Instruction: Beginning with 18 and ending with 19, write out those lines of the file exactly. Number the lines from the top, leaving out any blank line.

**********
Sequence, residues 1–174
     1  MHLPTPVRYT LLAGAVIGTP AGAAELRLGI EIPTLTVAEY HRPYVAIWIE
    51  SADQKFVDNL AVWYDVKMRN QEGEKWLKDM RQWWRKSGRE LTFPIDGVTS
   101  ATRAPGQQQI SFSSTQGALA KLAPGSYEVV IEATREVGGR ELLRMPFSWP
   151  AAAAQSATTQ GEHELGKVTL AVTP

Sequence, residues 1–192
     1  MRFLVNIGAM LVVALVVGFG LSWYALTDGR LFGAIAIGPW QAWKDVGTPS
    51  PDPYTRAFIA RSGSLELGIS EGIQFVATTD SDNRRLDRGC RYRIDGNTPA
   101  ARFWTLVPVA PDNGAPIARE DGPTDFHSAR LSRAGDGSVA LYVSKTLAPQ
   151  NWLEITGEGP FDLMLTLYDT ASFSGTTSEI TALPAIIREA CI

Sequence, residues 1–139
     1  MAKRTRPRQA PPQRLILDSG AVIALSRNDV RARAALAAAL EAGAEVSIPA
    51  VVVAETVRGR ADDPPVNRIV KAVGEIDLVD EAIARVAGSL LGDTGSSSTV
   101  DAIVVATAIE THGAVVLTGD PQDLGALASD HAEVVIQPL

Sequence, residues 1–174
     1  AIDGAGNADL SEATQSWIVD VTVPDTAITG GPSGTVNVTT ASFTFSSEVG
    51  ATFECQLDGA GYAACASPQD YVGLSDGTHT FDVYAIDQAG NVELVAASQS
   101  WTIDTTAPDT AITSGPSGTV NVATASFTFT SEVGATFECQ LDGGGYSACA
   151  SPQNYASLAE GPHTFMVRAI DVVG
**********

   101  WTIDTTAPDT AITSGPSGTV NVATASFTFT SEVGATFECQ LDGGGYSACA
   151  SPQNYASLAE GPHTFMVRAI DVVG